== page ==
Thursday, December 11, 2008

The Perfect Christmas

Something dawned on me this week. The dawning was slow and gradual. The Holy Spirit had to bring me almost to the full light of dawn before I could even grasp what he was saying and explaining.

I have been on a mission that I didn’t even know I had undertaken. Somewhere in the far recesses of my mind I came up with this idea, and I started trying to carry it all to completion.

I realized on Monday that I cannot complete what I started.

I have been trying to create the perfect Christmas.

Not long ago I went with my daughters to see Four Christmases. I watched Reese Witherspoon and Vince Vaughn’s characters have to navigate their multiple parent (as a result of divorce and remarriage) Christmases. The movie is hilarious. I laughed quite hard in several places as we were able to plug our own family members into the cast. But there were also some very insightful moments, and I found some unexpected resonation with both Reese and Vince and all of their big-screen dysfunction.

My family is incredibly different. We don’t do things like other families. Never have and most likely never will. We all seem to march to a very different rhythm and cadence. Sometimes our melodies are even played in minor chords (we add the black keys to our music often).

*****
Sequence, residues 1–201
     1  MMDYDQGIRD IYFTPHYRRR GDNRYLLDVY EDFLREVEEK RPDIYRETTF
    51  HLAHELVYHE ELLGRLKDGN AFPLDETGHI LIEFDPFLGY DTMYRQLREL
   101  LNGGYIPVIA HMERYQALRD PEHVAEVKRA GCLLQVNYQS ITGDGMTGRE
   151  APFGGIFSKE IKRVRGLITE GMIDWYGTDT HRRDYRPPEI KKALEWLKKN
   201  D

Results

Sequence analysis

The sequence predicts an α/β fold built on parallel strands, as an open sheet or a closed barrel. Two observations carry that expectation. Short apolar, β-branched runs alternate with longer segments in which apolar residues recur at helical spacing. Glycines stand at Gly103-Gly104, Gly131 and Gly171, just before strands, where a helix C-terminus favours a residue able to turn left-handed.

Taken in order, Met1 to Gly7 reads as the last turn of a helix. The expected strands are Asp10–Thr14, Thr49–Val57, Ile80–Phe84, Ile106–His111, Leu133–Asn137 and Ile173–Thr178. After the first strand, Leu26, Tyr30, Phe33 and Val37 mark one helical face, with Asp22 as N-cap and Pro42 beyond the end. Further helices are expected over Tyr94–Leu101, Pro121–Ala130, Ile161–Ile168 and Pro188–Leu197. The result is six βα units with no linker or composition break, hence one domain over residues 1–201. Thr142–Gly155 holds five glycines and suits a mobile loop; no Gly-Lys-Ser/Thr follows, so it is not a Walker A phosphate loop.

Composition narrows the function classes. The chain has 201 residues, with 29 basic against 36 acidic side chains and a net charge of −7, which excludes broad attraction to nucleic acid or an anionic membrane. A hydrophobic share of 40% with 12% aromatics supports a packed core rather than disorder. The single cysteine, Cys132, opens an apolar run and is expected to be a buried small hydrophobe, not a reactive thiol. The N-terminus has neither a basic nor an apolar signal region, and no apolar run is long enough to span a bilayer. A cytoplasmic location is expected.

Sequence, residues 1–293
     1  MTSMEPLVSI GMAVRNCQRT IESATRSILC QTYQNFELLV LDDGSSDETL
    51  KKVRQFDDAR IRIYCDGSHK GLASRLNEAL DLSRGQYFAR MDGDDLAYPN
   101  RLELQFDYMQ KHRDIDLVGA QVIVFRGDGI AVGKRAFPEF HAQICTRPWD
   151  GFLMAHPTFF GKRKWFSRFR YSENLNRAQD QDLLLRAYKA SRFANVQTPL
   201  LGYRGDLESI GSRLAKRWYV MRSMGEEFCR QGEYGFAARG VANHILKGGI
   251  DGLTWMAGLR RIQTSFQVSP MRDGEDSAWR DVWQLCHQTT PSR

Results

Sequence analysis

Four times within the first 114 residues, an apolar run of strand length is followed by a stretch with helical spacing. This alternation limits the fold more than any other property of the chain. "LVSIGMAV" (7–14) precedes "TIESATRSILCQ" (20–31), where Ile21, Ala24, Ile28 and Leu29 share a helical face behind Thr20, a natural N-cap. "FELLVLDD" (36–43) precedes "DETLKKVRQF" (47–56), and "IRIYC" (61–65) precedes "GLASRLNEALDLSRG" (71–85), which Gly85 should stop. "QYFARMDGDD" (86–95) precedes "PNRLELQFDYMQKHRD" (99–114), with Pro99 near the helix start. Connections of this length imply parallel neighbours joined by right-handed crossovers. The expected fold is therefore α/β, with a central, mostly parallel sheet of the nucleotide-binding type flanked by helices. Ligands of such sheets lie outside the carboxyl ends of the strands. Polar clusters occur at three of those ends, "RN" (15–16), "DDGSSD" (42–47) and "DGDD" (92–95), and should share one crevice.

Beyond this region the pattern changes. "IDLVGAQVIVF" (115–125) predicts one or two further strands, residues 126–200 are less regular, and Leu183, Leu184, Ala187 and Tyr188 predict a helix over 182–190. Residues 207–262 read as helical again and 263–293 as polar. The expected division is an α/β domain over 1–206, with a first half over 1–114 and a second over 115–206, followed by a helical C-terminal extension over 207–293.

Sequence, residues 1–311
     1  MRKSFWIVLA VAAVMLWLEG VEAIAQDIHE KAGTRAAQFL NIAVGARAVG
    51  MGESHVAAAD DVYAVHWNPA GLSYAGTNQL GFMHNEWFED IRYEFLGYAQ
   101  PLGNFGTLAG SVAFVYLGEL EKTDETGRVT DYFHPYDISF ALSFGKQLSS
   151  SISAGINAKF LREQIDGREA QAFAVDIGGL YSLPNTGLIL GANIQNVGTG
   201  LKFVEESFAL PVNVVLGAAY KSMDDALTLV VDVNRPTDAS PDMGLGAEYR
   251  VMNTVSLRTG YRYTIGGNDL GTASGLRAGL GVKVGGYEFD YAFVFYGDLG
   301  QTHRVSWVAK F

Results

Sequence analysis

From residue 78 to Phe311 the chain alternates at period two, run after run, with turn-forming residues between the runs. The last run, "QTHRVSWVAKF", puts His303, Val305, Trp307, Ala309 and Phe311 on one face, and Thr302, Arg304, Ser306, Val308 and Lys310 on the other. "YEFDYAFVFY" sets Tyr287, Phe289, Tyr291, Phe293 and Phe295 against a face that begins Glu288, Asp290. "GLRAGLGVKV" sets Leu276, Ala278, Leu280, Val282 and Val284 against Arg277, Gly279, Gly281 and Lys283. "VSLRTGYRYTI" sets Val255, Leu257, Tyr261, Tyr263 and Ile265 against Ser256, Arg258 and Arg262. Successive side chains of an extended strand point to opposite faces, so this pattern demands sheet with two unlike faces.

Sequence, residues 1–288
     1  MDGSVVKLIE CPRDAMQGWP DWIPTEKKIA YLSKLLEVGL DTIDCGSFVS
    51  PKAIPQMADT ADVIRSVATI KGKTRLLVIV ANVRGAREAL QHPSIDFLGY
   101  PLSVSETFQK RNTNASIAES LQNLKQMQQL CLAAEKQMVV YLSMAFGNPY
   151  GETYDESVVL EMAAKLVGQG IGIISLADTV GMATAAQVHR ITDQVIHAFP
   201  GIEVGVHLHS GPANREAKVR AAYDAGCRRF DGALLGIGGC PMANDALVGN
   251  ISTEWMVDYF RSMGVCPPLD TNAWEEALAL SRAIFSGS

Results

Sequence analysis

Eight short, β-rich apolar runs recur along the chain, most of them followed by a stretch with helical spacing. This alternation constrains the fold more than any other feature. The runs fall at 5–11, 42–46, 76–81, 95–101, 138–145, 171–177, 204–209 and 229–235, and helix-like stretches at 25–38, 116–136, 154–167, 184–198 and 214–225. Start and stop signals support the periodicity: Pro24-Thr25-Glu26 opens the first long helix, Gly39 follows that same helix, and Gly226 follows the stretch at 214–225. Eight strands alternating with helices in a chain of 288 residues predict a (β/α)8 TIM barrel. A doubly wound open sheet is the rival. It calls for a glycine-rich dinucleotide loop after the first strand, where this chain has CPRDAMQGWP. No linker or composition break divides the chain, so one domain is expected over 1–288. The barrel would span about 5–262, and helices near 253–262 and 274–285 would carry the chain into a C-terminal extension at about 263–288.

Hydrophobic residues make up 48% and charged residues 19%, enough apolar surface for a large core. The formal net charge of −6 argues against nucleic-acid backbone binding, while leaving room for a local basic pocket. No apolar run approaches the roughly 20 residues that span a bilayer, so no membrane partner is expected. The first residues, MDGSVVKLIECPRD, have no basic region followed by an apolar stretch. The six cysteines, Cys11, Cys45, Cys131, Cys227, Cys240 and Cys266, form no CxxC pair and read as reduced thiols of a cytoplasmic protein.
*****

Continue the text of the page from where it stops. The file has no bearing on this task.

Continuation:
When people see us interact and carry out our lives together, they cock their heads like puppies who are hearing a very strange, high-pitched sound.

But this holiday season has brought some changes and some shifts in dynamics. Adjustments and rearrangements have been needed. Some of our traditions no longer fit where we are now. How we have always done some things just will not work anymore. And everyone is in their own place trying to decide how and when to handle the multiple scenarios.

I am a “fixer” by nature. I want everyone happy. I want everyone to have what they need and what they want. I don’t like conflict, and I don’t like change that produces conflict. Well, hello, in reality who does?

So, in the back of my well-intentioned, but misguided mind I decided I wanted to do my utmost to create the perfect Christmas considering all the circumstances. I started making mental lists. I began to revamp my whole holiday mentality based on the fact that we needed a new plan. Now, I didn’t realize this was exactly what I was doing. I just went into “fixer” mode. I was trying very hard to find ways for us not to fit any of the dysfunctional families portrayed in the movie or in real life.

I wanted the perfect tree, the perfect presents, the perfect open house, the perfect dinner, the perfect Christmas Eve schedule, and the perfect Christmas day. But I couldn’t find a definition of what those perfections would be.

My frustration level has mounted exponentially since Thanksgiving. Clarity was obscured. I felt like a woman who was quite used to wearing reading glasses, but suddenly her prescription changed over-night. I put my glasses on my nose thinking I would be able to see. I could see what was in front of me, but then I would look up and everything would be blurry.